How do you know when you’ve finished your family tree?  One example of this might be when you start to find dashes and lines provided instead of names on primary sources documents such as birth, marriage and death certificates.

A few years ago I traced my Scottish Barclay family back to Dunfermline in Fife around 1850. I found the names George Barclay, a ploughman and Catherine Owen on the marriage record of their daughter (my great grandmother) Isabella Barclay (1862-1908).  This week I decided to try and trace my Barclays back further.  Scotland keeps a very  detailed set of civil records back to the 1860s and their earliest census was in 1841.  Prior to that there are good church records though pre 1800 they are less plentiful.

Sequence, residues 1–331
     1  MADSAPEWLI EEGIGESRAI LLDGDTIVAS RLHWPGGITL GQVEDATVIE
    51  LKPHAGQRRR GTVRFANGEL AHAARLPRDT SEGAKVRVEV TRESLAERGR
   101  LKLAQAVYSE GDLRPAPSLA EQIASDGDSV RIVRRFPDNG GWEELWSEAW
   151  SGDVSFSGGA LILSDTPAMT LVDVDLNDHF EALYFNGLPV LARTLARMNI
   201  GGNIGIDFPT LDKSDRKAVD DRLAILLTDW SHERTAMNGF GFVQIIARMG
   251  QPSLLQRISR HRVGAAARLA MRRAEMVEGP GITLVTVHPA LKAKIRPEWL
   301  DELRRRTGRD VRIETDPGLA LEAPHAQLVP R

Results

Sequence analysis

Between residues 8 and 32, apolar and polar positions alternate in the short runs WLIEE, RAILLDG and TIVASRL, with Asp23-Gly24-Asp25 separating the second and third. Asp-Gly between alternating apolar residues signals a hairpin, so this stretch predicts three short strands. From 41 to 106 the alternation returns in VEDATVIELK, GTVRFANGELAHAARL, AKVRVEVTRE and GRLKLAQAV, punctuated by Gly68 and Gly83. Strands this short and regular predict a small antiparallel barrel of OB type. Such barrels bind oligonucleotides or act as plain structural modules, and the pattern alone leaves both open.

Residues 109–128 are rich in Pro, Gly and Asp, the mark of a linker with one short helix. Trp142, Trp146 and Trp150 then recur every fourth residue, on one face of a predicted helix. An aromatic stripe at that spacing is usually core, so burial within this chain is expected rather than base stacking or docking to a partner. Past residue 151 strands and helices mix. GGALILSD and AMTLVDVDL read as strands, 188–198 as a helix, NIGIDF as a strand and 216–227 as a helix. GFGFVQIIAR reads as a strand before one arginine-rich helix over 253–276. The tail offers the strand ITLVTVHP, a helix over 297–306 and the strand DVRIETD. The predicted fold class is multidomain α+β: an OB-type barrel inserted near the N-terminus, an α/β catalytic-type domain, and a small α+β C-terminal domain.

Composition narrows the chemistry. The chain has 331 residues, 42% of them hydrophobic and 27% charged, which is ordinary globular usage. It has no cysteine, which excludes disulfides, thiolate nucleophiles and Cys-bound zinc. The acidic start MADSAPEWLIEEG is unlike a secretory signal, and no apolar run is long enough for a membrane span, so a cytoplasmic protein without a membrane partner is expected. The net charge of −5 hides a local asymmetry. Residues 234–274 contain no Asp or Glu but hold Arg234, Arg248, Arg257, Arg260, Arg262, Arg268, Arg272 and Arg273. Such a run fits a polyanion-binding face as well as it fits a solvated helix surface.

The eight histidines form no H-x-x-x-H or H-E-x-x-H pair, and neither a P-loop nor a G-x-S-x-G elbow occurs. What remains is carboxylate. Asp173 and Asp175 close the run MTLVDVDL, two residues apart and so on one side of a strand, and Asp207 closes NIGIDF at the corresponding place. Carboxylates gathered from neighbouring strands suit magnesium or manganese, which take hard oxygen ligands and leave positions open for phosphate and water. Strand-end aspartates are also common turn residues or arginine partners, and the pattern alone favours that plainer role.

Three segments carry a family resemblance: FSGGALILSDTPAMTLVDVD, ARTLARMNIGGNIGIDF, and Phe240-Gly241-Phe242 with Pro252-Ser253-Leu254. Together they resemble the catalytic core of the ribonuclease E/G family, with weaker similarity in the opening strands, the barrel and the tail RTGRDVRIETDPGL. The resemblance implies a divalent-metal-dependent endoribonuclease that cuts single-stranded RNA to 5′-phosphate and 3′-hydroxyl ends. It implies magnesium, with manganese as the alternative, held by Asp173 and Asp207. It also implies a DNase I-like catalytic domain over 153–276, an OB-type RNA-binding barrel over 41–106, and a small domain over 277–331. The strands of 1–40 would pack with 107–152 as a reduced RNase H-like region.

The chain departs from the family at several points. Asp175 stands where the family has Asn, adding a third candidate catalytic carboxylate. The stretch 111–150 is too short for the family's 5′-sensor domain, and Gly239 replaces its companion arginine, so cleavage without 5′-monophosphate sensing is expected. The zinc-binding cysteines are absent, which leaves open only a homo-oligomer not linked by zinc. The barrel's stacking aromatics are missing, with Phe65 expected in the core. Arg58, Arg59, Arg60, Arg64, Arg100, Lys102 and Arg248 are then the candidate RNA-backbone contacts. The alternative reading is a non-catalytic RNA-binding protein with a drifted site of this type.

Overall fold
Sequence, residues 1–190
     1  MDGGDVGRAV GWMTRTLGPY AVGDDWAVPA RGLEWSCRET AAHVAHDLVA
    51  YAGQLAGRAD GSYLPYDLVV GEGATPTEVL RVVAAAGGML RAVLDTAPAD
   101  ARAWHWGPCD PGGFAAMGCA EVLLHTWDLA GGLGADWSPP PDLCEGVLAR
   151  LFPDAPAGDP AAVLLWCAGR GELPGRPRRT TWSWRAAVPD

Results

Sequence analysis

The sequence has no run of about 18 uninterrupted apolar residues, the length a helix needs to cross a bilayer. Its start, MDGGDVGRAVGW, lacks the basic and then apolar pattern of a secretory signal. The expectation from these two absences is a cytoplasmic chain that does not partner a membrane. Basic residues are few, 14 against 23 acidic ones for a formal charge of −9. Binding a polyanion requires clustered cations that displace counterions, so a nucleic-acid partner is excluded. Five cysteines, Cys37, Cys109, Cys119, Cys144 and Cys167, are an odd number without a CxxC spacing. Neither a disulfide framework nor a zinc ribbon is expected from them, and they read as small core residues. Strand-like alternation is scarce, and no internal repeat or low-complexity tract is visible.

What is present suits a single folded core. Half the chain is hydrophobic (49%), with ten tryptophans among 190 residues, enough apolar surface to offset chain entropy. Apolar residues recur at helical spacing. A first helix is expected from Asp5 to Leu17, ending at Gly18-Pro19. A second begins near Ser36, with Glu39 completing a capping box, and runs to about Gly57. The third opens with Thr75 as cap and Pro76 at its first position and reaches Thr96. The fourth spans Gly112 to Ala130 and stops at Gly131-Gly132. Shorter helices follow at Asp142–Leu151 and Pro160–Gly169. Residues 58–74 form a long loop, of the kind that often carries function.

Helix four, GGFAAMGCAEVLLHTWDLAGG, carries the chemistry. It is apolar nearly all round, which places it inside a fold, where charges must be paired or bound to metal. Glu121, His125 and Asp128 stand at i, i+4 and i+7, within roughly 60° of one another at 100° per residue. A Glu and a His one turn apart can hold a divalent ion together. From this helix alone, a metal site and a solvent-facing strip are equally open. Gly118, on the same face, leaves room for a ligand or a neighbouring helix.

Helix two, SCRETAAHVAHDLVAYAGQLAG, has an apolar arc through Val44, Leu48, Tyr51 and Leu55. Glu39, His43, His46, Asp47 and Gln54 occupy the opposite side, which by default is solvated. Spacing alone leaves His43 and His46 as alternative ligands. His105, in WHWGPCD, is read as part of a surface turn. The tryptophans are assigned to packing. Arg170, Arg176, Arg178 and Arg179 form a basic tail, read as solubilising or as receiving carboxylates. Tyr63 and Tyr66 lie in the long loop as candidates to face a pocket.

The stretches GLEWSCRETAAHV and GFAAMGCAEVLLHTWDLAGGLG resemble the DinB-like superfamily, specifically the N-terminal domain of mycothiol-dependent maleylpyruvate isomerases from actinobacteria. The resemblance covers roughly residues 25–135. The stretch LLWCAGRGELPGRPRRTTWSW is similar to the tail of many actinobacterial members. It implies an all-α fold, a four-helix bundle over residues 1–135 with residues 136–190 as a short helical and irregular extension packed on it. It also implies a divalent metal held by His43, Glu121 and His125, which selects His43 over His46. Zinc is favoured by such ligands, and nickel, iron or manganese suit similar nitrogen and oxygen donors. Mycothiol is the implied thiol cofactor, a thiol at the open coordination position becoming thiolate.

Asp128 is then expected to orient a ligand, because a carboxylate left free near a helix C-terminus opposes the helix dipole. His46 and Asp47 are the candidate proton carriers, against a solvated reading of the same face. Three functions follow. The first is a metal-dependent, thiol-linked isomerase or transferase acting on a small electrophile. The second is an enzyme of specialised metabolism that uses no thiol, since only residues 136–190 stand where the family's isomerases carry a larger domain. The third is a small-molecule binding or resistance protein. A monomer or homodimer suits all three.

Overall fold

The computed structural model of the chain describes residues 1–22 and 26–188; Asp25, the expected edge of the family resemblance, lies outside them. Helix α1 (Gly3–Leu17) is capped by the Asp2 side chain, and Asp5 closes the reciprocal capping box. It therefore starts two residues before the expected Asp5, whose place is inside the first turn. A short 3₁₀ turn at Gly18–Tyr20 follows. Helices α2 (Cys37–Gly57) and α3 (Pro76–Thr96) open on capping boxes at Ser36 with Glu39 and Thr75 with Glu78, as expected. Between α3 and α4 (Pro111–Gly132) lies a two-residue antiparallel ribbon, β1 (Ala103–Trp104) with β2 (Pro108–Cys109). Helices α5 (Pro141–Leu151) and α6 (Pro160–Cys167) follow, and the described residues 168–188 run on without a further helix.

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I started by researching George Barclay‘s family and discovered from birth, marriage and death records that his parents were Joseph Barclay, and Isabella Hunter (1796-1872) from Dunfermline. Joseph Barclay’s baptism record shows he was a twin and it appears he was born out of wedlock as we can see from his baptism record (see below).  So far no further records have turned up for Joseph’s parents, James Barclay and Isabel Anderson.

1788 Joseph Barclay birth

James Barclay labourer in Dumfermline & Isabel Anderson had Twins born 20th July (1788) in Fornication.  Baptised and named ____________.  The son named Joseph.”